For more than twenty years prior to 1949, and since, there has been a culvert ten or twelve inches in diameter running under Bannister Road from the plaintiff's land and terminating upon what is now the Darby land. The master reports that there was no evidence when or by whom it was laid. Its purpose was to drain the plaintiff's parcel of land. Hall knew, for more than twenty years prior to the commencement of the filling of the lot he conveyed to Darby, of the existence and purpose of the culvert. It discharged very little water, if any. It is a plain inference from the master's report that the plaintiff had a prescriptive right to have the culvert maintained. White v. Chapin, 12 Allen 516 , 520. Truc v. Field, 269 Mass. 524 , 528-529. Tucker v. Poch, 321 Mass. 321 , 324. Foot v. Bauman, 333 Mass. 214 . Davenport v. Danvers, ante, 106.
In filling the Darby lot a narrow strip along Bannister Road was left unfilled, thus creating a kind of trench near the bottom of which the end of the culvert was left exposed. Since the last work was done in the way of filling on the Darby lot, which was about the middle of July, 1955, the plaintiff has had serious trouble from the flooding of her cellar. On one occasion the water rose to eleven inches in the cellar. She has plugged up the cellar drain to prevent water from flowing into her cellar. She has laid a pipe connecting
the cellar to a small pond to the north of her house. She has expended $181.24 for pumps, pump hire and labor in freeing the cellar from water. The master reports that unless other measures are taken further flooding is likely.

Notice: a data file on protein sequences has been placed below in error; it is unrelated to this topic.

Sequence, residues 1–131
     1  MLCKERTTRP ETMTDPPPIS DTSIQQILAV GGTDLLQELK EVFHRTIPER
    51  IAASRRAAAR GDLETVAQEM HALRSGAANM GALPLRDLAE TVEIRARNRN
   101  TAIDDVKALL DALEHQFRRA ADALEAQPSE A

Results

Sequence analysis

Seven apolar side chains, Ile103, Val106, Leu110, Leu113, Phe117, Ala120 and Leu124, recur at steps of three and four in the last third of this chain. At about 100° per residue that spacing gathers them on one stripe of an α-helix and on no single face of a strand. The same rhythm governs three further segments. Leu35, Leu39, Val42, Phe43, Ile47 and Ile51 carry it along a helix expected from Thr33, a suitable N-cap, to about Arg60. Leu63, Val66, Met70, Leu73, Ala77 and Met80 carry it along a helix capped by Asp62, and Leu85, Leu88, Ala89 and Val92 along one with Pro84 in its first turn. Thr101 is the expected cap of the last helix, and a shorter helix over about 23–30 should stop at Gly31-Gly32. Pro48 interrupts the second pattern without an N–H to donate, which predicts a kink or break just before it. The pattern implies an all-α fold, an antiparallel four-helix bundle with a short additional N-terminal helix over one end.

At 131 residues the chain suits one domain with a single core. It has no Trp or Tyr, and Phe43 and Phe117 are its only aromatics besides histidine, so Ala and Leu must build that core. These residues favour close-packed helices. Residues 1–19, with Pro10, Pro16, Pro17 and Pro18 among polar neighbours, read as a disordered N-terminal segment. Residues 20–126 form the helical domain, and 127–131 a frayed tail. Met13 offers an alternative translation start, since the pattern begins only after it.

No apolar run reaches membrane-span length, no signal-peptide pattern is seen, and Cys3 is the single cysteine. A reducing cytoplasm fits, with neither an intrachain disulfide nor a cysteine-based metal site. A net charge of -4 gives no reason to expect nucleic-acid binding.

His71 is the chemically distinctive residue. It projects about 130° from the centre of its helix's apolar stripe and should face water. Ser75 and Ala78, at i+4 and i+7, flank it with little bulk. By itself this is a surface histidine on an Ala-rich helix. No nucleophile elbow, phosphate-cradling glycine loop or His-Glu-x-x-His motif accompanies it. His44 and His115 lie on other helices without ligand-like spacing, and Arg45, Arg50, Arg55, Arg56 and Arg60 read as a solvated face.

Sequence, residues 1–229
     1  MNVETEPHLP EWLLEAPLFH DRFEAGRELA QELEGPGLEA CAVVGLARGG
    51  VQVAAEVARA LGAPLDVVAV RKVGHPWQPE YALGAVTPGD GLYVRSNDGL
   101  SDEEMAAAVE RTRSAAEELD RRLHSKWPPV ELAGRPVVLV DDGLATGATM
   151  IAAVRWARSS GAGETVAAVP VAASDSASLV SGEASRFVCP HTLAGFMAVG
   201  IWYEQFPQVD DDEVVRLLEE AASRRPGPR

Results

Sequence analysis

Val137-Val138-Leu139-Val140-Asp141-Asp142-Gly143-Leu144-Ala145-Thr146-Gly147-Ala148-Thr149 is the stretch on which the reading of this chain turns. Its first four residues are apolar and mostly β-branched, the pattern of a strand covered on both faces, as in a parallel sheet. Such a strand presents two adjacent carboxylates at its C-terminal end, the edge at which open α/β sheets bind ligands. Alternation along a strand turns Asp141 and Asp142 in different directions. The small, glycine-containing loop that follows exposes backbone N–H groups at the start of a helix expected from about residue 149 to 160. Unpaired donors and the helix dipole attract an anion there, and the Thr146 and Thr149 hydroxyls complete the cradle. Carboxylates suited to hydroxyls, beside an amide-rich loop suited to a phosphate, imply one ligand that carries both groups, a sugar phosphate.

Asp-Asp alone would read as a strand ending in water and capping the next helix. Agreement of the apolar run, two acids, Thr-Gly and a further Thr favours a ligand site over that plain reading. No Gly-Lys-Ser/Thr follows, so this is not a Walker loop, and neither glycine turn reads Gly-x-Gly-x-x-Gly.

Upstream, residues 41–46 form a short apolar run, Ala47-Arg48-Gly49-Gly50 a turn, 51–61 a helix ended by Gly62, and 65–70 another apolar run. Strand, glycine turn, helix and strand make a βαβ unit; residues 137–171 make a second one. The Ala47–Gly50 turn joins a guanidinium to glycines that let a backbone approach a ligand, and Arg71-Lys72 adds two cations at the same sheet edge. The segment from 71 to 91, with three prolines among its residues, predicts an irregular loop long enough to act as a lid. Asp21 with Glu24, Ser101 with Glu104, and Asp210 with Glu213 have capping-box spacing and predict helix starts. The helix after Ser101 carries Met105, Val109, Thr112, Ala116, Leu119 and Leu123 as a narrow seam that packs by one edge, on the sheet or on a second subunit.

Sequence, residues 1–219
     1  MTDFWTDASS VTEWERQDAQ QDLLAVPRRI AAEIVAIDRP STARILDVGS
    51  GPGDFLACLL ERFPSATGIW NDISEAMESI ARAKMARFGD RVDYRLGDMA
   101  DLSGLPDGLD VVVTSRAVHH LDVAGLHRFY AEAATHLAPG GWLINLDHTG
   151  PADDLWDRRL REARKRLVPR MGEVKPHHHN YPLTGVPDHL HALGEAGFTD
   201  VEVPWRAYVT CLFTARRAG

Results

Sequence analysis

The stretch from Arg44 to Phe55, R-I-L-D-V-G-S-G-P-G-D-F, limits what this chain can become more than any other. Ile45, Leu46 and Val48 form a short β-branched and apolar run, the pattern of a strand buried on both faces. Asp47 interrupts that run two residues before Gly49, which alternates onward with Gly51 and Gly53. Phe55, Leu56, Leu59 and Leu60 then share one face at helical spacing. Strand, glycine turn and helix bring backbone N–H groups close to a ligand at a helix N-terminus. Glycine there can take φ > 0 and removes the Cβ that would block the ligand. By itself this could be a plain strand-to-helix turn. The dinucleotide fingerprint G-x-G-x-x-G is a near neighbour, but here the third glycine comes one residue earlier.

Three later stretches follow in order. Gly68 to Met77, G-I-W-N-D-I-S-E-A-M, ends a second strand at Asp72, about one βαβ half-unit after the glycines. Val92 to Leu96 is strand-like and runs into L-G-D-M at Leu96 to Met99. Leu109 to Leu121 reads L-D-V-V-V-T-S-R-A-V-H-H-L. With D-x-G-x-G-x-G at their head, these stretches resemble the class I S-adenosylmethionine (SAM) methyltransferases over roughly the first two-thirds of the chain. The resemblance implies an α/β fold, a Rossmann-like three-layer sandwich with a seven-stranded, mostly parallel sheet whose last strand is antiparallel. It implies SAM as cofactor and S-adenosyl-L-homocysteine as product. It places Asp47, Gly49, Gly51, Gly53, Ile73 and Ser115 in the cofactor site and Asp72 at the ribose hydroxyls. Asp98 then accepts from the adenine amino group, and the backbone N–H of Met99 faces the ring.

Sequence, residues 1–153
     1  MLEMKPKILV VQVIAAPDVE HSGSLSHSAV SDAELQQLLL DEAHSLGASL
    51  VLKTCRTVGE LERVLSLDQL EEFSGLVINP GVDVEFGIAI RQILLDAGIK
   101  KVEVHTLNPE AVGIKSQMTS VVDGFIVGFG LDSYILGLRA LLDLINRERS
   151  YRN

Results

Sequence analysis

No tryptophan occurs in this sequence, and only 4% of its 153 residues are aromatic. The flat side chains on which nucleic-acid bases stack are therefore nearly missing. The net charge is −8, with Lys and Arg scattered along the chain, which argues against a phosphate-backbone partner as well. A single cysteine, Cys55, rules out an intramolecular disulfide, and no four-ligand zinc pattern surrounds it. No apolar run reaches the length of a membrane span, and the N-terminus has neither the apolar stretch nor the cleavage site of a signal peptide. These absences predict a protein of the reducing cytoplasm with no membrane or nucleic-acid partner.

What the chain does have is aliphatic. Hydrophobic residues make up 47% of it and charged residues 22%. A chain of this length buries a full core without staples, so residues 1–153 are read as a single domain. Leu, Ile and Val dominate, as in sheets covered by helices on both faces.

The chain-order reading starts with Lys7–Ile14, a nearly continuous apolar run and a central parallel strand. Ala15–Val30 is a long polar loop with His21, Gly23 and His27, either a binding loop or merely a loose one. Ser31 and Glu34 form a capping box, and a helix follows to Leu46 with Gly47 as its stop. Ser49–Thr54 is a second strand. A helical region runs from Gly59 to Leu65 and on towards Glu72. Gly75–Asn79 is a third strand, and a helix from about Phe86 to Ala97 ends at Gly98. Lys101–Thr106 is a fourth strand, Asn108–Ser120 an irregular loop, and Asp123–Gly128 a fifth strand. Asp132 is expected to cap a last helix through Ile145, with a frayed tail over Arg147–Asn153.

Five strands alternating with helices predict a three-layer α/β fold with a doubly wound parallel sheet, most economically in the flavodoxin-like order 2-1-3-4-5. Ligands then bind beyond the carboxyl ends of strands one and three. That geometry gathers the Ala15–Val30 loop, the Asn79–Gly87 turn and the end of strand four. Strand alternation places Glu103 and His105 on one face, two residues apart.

It is a plain inference from the master's report that we are dealing here with the diversion of surface water by one landowner to the detriment of an adjacent owner. One landowner has a right to improve his land and to put it to any lawful use, and where there is no watercourse or where there is no direct grant or prescription or agreement the proprietor of the lower land has no right to regulate the use of the upper land by his neighbor. "The obstruction of surface water or an alteration in the flow of it affords no cause of action in behalf of a person who may suffer loss or detriment therefrom against one who does no act inconsistent with the due exercise of dominion over his own soil." Gannon v. Hargadon, 10 Allen 106 , 109-110. Maddock v. Springfield, 281 Mass. 103 , 104-105. Deyo v. Athol Housing Authority, 335 Mass. 459 . But a landowner has no right to collect surface water into an artificial channel or into a reservoir and then release the captive waters by a culvert or other artificial means upon the land of his neighbor. Bates v. Westborough, 151 Mass. 174 . Smith v. Faxon, 156 Mass. 589 . Fitzpatrick v. Welch, 174 Mass. 486 . Nye v. Swift, 190 Mass. 143 . Mahoney v. Barrows, 240 Mass. 378 . Manning v. Woodlawn Cemetery Corp. 245 Mass. 250 .